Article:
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Coping with customer grumbles

I recently had to help with a customer complaint in which someone accused a brand of being the worst ever. Let’s use a hypothetical example to illustrate the point.
Let’s imagine that this customer walked into a restaurant, and was not served milk with her tea. Imagine this customer standing up in the middle of all the diners, and saying in a loud voice that this was the worst restaurant ever. Obviously, this customer was so angry that she wanted to cause damage to the restaurant’s business.
 Now, let’s examine the true nature of the situation. There was an apocalypse at the milk factory: the cows all go sick, the pasteurizer broke down and the refrigeration truck is overheating. Not a single restaurant has milk for coffee and tea.
In these circumstances, the immediate reaction is anger at the injustice handed down by the customer.
Then real question should be what can be gained from the circumstance. In order to at least retrieve the situation, a full, though unapologetic explanation should be offered to the customer, in front of all the other customers. Most companies will not do this or will do it inappropriately.
They will either retreat, or will respond with anger instead of being measured.
Dealing with customer and stakeholder complaints is one of the most critical aspects of building a strong brand. Responding well to customer complaints wins the customer over, and can win secondary customers as well, if the customer who makes the original complaint talks about the solution.
In order to arrive at the response and solution, there are several steps to be taken.
Listening to the complaint with open ears is important.
The customer must have his or her say. If an argument develops, valuable information will go missing. Recognise the customer’s frustration but do not assign blame yet.
Thinking is often difficult in the heat of the moment, so if need be ask the customer for time to respond adequately.
Thinking will allow the person listening to assess responsibility and the degree of liability on the part of the brand, as well as the need to refer questions to non-frontline people who may need to assist with the response.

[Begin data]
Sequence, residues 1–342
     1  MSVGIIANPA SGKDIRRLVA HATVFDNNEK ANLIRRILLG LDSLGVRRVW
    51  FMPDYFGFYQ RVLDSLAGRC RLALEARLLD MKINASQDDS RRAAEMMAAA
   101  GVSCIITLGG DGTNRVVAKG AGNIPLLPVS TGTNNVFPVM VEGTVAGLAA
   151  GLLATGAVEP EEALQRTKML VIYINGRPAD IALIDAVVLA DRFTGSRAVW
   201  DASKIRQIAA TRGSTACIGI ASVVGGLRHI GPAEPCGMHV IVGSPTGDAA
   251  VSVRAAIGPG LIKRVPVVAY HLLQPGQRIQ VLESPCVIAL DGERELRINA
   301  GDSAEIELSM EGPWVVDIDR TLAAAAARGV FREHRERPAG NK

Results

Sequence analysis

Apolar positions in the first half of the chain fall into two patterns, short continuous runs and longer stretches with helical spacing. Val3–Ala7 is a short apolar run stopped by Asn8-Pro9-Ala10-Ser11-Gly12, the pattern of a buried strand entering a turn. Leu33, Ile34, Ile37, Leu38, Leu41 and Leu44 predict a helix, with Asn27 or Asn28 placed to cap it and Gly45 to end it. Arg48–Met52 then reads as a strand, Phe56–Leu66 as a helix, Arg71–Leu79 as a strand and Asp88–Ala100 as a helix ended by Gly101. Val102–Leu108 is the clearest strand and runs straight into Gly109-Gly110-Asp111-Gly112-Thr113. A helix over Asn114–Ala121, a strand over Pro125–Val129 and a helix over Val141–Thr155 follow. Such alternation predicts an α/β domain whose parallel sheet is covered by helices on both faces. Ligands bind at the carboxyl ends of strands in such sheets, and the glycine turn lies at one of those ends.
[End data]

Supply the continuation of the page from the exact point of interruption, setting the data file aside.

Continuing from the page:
Ensure that the internal deadline for the response to the complaint is met.
The explanation should ideally be done face-to-face, though if the customer is enraged, he or she may opt for telephonic or email contact. If an apology needs to be tendered, this should be done by voice and by mail.
 If there is liability on the part of an employee, that individual should make the apology. If this is the case, consider it an investment in the employee.
A complaint can often be dealt with on the spot, but if this is the case, then the response should be rapid, and managers must be empowered to deal with complaints.
The sixth step is to learn from the complaint and take preventative action. There will be specific complaints that reoccur and some complaints which are unique.
Tracking the complaints, as assessing them for action is a way to prevent future complaints and improve service.
In some instances, the complaint may be due to an expectation that is unrealistic. If this is the case, the brand needs to alter its communication strategy, either to exclude the expectation or to emphasize core offers and education on what can be reasonably expected of the brand.
The other point is to be proactive wherever possible. In the case of the milk, a print-out on the door notifying about the milk shortage, and an explanation to the waiters is advisable, and easy to implement. If there is a repetitive need to be proactive, managers can use the knowledge to fix the situation permanently. The upside of it is a customer who has a complaint is still interested in receiving service or buying products. The complaint is an alert, and is an opportunity to build the relationship. The customer who quietly walks away is a far greater threat and often a permanent loss.

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